But this is only a partial answer. There’s also what we might call the Buena-Vista-Social-Club-effect. Given the enormous global popularity of this World Circuit/Nonesuch Records release, which featured contemporary recordings of the “golden age” of Cuban music, a period beginning around the 1930s and extending through the 1950s, American listeners have wrongly assumed that this is what “real” Cuban music is supposed to sound like. Never mind that while many North Americans and Europeans were discovering, often for the first time, such classic as “El Cuarto de Tula,” Cubans, “real” Cubans, were tuning their radios to stations and flocking to concerts featuring a new genre of urban dance music known as timba. Buena Vista Social Club was considered old people’s music; timba, by contrast, was the hot new music of the moment.
Timba began primarily as an Afro-Cuban, working-class dance music. It is a heavily percussion- and horn-driven, urban style of salsa-like music that incorporates a broad range of cosmopolitan influences. Although firmly entrenched in Cuban styles such as rumba, son and even batá, timba also draws on Afro-Caribbean and Latin American dance music, elements of American rock (as evidenced by the inclusion of a drum-set, along with timbales and congas, and sometimes an electric guitar), and African American funk, jazz and hip hop. Together, these global influences are blended into a quintessentially Cuban musical stew that not only rubs against foreign stereotypes of what makes the country’s music “authentic” but also provoked friction back home. Timba’s contentious lyrical content and graphic dance movements have, over the years, riled Cuban officials and attracted a great deal of both controversy and censorship.
The story of timba’s emergence and establishment as contemporary Cuba’s preeminent dance music is full of irony. In many ways, timba has exposed a number of the normally concealed tensions and contradictions that have come to define contemporary Cuban society. Timba was born in precarious times, during the so-called “Special Period,” which began in the early 1990s. The Soviet Union had just collapsed, literally drying up billions of dollars in foreign subsidies overnight, provoking an economic crisis that challenged the status quo. Everyday life became a constant struggle as families searched for ever more inventive ways to make ends meet. Gawking foreign tourists flooded the streets of the capital, displaying a leisurely lifestyle natives could only entertain in their dreams. Hustling and other illicit economic activities became a popular survival strategy. A local form of conspicuous consumption that Cubans call especulación became emblematic of urban youth culture. Timba quickly became the voice of these uncertain times and a symbol of cosmopolitan desire that went against the grain of revolutionary ideology and morality.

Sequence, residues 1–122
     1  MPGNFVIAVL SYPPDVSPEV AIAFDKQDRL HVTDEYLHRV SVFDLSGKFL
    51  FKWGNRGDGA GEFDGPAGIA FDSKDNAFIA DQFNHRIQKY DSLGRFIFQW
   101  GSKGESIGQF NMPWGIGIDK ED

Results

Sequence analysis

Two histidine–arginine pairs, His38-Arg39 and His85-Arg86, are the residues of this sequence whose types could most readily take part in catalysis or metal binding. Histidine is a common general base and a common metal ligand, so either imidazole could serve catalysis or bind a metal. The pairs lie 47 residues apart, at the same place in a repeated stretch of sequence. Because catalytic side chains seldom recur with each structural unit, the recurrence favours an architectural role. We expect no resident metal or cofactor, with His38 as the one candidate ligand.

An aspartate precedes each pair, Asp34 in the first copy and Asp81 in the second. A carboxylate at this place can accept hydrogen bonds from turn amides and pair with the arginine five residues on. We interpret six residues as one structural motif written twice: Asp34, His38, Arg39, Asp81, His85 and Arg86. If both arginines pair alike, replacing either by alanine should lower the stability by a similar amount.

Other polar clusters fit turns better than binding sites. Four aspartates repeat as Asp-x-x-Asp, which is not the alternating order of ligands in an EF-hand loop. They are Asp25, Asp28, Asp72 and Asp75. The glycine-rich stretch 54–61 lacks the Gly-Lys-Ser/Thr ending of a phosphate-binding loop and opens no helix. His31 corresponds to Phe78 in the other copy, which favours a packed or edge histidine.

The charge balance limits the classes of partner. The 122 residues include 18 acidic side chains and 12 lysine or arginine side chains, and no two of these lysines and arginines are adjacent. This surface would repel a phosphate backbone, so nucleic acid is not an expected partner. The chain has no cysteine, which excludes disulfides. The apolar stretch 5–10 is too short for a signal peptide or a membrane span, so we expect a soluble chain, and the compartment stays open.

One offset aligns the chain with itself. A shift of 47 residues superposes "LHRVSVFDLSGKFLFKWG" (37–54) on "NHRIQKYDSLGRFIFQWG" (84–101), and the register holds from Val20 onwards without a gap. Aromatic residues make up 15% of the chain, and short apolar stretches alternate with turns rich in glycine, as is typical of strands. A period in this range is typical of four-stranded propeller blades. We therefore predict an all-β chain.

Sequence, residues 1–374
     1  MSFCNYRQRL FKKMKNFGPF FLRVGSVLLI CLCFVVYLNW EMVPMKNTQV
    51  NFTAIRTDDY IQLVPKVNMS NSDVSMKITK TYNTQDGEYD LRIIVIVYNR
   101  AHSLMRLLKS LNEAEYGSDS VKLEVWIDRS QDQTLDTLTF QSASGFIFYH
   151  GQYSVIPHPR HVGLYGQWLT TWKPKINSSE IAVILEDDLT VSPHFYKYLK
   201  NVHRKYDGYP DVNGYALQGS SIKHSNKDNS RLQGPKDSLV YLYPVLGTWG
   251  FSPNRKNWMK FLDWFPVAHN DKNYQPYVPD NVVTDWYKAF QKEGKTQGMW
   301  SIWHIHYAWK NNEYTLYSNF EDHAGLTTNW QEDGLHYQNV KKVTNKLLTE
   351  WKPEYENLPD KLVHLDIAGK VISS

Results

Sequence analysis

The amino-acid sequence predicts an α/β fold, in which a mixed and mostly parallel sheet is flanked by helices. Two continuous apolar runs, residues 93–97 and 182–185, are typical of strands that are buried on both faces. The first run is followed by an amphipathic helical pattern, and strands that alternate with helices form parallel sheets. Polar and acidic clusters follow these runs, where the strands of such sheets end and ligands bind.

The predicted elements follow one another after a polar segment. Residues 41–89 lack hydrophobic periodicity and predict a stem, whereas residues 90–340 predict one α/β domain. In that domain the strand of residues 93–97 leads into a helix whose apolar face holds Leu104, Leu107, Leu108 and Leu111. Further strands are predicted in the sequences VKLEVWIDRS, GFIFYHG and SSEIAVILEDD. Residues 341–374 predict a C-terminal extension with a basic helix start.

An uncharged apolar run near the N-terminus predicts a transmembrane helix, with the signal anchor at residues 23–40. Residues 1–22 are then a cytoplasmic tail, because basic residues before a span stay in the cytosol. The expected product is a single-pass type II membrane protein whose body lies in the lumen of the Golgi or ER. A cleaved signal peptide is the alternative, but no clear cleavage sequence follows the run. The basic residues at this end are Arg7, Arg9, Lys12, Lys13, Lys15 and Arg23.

As the vibrant sound of the inner-city streets, timba was more than music; it was a social chronicle of sex, money, and everyday life in the marginal black barrios of Havana. Whereas revolutionary ideology stressed a unified national culture, implementing policies that would supposedly lead to the erasure of social divisions based on gender, race, and class, timba, by contrast, celebrates black racial pride, machismo, and sexuality. In a country where overt political critique could land you in jail, timba cleverly subverted official discourse by flouting the bare realities and raw truths of the streets. Timba exalted the inner-city solar, often disparaged as an urban nest of crime and debauchery, as the privileged source of popular culture, creativity, and resilience. It embraced an image of the black male not as a productive worker but as a source of sensual pleasure. During timba “breakdowns,” males churned their hips in a rollicking sexual motion and women performed a frenetic dance called the tembleque, an erotic tremor consisting of rapid-fire thrusts of the hips and chest. The music also challenged official discourse in other ways. Timba, for instance, openly embraced a consumer lifestyle and advocated for international travel and transnational relations. In sum, timba was, and is, a far cry from the backwards looking, nostalgic music foreign audiences have come to expect from Cuba since Buena Vista Social Club. Timba represented not memories of a romantic capitalist past but the contemporary pulse of a nation in the midst of change.